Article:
Jarmila Balážová: The Czech media have neither the desire nor the time for the truth
Jarmila Balážová has been working as the press spokesperson for the Czech Human Rights Minister since March. Prior to that she was a correspondent for Czech Radio 6 who moderated the programs "Focus on Human Rights" (Zaostřeno na lidská práva), "Studio STOP", "Dissuasion" (Rozmluvy), "Focus on Youth" (Zaostřeno na mladé) and "Science Talk" (Hovory o vědě).
Prior to her radio career Balážová specialized in film and television, working as a dramaturge and moderating programs on Czech Television and TV Nova. She has won several awards for journalism, including the Karel Havlíček Borovský Prize in 2006.
In addition to her journalistic work, Balážová established the Romani monthly Romano voďi (Romani Soul) in 2002 and edited it until this year. She is also the chair of the Administrative Board of the ROMEA public benefit corporation.
Balážová graduated from the Faculty of Social Sciences at Charles University with a degree in journalism. She has now given an interview to MediaGuru about how the media cover human rights.
Q: Do you believe the Czech media cover the topic of human rights sufficiently?
A: I believe there are significant gaps in our media's coverage of the topic of human rights, in all of its breadth. I understand that in news reporting, and in the competition dictated by the speed of internet reporting, information is delivered in an accelerated way today, under time pressure and with few staff involved, but there are many media outlets here that could go deeper. I'm really sorry that human rights in the Czech media are often reduced only to the right to self-determination, to social rights, and that there is no discussion of the right to human dignity or the right to form one's own opinion, etc. People in our country, when listening to something or reading about human rights, have the feeling that it's all about someone else, they don't realize it concerns each and every one of us. For example, the topic of social housing doesn't just concern a narrow segment of the Romani population, but is affecting more and more families of all kinds, especially single-income families or senior citizens. Each of us during our lifetimes undergoes certain periods when the topic of human rights is of concern to us, whether you are a child, a 30-year-old woman trying to combine a personal and a professional life, or a 50-year-old person looking for work. We could cover one topic after another like this. In the context of the media, however, you won't learn much about that. The image of minorities in the media is something else entirely, and in most cases, representatives of minorities are placed in the role of either defending themselves or constantly explaining themselves.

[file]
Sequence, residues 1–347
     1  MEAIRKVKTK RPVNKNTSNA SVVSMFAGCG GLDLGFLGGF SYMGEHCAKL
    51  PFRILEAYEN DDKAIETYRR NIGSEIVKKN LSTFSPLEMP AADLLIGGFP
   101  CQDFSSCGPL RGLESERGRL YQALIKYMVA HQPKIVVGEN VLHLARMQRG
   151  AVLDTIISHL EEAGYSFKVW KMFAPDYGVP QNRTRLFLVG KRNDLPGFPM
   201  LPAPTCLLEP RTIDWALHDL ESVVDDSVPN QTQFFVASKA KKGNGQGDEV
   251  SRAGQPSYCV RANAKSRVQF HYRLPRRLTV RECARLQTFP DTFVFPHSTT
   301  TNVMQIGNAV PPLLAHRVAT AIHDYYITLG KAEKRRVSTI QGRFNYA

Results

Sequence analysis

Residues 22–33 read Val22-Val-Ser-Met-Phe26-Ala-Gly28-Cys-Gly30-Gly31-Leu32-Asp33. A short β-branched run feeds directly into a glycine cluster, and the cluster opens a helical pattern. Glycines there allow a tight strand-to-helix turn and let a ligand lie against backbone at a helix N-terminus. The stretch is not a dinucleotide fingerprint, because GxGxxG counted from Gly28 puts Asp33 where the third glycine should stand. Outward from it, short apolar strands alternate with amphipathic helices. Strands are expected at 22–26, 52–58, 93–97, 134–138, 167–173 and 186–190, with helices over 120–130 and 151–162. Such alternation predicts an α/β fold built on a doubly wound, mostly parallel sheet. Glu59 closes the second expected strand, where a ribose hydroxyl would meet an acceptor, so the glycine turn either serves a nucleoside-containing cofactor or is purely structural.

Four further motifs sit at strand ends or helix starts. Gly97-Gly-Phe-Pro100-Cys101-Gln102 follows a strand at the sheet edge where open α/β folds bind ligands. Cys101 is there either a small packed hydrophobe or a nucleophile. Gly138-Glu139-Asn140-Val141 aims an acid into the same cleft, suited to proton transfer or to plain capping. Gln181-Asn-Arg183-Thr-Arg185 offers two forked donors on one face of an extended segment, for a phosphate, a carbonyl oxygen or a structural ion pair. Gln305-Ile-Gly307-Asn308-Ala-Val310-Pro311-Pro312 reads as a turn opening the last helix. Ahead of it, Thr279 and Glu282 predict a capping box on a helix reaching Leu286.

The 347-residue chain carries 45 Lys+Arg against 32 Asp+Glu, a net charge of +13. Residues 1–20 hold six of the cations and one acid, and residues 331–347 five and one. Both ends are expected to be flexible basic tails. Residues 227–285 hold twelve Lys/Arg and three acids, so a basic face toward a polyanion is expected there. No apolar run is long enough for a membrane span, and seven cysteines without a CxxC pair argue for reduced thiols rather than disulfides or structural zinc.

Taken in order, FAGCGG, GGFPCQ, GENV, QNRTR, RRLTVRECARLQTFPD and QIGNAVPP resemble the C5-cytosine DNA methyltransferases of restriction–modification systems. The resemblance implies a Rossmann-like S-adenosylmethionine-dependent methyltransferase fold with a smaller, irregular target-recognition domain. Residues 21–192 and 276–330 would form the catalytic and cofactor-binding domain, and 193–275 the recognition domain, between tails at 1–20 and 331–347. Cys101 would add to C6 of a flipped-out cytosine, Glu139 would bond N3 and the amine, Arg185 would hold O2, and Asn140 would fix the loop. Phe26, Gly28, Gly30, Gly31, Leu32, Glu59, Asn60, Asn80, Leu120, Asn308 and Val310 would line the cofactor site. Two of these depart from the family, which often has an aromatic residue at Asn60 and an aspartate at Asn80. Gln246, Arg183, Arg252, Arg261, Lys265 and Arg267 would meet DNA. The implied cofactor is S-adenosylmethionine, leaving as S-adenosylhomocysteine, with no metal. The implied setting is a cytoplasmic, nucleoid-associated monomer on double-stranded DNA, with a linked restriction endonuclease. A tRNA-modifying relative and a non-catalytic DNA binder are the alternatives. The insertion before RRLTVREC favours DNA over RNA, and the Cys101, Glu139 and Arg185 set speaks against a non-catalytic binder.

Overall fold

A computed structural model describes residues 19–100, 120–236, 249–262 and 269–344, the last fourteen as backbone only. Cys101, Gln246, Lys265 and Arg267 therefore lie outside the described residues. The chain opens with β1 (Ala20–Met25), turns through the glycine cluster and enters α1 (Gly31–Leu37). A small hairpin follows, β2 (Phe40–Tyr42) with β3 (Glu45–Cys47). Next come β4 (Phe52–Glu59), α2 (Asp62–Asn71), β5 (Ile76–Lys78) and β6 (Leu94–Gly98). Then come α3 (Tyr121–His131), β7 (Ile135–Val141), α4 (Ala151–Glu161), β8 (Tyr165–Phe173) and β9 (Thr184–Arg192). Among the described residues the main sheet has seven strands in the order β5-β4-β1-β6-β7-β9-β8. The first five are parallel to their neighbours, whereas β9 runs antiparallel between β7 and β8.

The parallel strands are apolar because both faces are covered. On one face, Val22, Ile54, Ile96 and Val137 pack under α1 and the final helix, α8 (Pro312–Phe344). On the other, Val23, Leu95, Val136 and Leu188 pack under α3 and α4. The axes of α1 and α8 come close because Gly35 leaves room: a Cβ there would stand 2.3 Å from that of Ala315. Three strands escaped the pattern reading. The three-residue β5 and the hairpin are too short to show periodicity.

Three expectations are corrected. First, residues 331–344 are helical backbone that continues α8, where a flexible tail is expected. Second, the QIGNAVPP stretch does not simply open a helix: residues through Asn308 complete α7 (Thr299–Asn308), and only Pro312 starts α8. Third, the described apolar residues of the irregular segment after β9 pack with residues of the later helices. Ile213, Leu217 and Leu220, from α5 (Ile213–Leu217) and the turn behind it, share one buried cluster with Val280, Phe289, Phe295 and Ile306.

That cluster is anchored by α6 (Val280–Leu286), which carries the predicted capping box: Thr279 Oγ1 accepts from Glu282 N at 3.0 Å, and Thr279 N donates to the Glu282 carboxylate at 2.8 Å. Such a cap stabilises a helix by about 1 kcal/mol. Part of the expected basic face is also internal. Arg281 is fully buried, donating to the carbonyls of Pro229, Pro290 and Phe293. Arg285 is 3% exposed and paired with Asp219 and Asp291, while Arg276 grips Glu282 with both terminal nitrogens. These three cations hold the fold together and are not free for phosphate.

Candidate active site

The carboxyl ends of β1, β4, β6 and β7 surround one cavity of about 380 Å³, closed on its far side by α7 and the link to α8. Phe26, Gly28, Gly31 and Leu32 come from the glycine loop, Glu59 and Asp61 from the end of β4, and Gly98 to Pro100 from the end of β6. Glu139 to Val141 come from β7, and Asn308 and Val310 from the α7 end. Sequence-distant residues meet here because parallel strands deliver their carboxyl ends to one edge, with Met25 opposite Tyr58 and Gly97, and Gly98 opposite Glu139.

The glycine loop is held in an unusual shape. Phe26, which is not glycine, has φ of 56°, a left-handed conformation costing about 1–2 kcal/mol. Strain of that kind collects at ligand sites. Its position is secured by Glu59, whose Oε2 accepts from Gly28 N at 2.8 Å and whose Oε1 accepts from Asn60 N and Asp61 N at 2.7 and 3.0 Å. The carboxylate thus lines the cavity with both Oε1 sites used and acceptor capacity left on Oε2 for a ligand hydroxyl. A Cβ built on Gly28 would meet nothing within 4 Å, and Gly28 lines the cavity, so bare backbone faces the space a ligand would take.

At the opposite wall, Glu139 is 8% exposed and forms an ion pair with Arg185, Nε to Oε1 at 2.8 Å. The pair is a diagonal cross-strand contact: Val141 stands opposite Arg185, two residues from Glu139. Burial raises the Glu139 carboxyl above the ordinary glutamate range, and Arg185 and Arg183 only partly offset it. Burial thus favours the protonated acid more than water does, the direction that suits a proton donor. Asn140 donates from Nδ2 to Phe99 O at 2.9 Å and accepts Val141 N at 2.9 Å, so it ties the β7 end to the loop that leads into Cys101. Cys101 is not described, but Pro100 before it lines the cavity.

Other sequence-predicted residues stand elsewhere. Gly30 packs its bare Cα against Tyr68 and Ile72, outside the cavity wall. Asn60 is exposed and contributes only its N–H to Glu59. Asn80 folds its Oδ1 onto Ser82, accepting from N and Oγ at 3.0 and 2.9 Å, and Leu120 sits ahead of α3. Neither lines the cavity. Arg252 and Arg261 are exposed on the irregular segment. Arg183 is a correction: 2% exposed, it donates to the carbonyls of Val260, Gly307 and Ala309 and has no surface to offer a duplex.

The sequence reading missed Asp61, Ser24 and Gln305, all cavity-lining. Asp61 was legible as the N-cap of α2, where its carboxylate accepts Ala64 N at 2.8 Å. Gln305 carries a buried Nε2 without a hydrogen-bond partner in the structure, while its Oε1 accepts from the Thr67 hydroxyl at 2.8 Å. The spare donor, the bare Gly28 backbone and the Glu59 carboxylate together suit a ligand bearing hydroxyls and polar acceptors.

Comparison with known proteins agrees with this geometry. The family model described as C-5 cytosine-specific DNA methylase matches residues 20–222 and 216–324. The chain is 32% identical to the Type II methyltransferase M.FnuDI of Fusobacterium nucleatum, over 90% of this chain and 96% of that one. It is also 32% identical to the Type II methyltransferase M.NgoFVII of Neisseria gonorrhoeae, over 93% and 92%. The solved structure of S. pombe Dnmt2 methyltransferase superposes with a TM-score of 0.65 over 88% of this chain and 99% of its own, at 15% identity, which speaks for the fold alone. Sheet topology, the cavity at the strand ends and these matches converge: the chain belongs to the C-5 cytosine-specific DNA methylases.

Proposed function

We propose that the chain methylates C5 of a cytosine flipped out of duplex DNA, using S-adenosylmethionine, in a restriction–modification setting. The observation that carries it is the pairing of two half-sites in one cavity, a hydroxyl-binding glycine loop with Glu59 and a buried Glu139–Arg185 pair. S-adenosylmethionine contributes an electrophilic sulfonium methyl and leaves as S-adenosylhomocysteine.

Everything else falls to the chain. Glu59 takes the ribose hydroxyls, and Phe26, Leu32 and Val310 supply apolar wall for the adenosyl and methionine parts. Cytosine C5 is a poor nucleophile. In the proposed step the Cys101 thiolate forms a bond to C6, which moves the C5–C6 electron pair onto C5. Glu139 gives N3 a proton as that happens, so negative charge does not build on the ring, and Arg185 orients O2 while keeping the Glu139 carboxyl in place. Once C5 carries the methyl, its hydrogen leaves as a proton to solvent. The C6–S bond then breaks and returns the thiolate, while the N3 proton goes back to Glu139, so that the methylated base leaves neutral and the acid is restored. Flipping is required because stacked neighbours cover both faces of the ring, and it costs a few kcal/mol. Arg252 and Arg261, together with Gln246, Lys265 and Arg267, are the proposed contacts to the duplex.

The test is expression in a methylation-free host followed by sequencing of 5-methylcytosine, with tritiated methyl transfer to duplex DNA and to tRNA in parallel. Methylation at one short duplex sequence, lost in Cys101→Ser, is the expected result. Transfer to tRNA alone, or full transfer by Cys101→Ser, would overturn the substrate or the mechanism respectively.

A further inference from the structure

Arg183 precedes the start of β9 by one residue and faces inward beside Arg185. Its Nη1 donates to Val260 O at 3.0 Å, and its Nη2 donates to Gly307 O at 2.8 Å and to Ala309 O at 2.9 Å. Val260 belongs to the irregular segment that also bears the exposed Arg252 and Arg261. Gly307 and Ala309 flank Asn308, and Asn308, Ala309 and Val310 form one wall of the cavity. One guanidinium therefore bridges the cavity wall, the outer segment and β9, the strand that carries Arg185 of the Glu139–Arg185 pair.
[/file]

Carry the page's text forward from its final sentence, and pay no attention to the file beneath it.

Q: Why do you think that is?
A: Lack of energy, time, and maybe even lack of courage on the part of the media, political courage, there are always many factors. Currently we live our lives in abbreviations. There are fewer people in newsrooms who have the time to dedicate themselves to these topics and the power to investigate them in-depth. Moreover, during this era of internet media, everything has accelerated, journalists are under constant time pressure. It's happened more than once that if a reporter asks someone for comment and doesn't get an answer within three hours, the story gets published anyway. A general awareness is being created here that is based on ignorance, on lack of information, on lack of personal experience. We are all experts at making quick judgments, no one has the desire or the time to seek the truth anymore, which in my opinion should be the primary responsibility of the media.
Q: How do the Czech media write about the Romani minority? Have you observed any change over time in their media image?
A: In my view the media image of Romani people has not changed much over time. On the one hand it is negative, more harsh because of the rise and spread of socially excluded localities. In the last few years Romani people are reported about as if they all lived in ghettos. One-third of Romani people living on the edge of poverty are determining the media image of the entire minority, and it's a pathetic image. One the other hand there are also journalistic efforts at the opposite end of the scale, at publicizing good examples, examples of intelligence, examples of good practice. The center ground, which is where most of the population lives, is usually missing from the media. There are attempts by some media to go more in-depth, as part of special coverage, but in general the media are failing in the area of the Romani issue from a systematic perspective. On the one hand they do their best to be correct, while on the other hand they publish very generalizing articles. However, the worst thing is that generalizations and imprecise information are turning up today even in the serious media. On Czech Television you have, in addition to the genuinely good programs, stuff with the format of "You Have the Floor" (Máte slovo), which may get good ratings, but is a terrible tabloid that presents all topics as black-and-white and simplified. You will find a similar principle at work in many other kinds of broadcasting and in the press. The difference between the serious media and the tabloids is being elided more and more, and that is most obvious in how headlines are being written. In their effort to grab the reader, the media are adapting themselves to the current mood of society. Then, thanks to this shift, we get absurd questions like "What should the Roma themselves do for this or that...". If you were in a studio as a non-Roma - as an expert, say, on the topic of homeless people - it would never occur to anyone to immediately ask you about what your personal responsibility is for that group of people. If you are Romani, the association is automatic.
Q: What do you say to the statement by Pavel Novotný of Extra.cz that if he uses the word "Rom" in a headline more people will click on the article?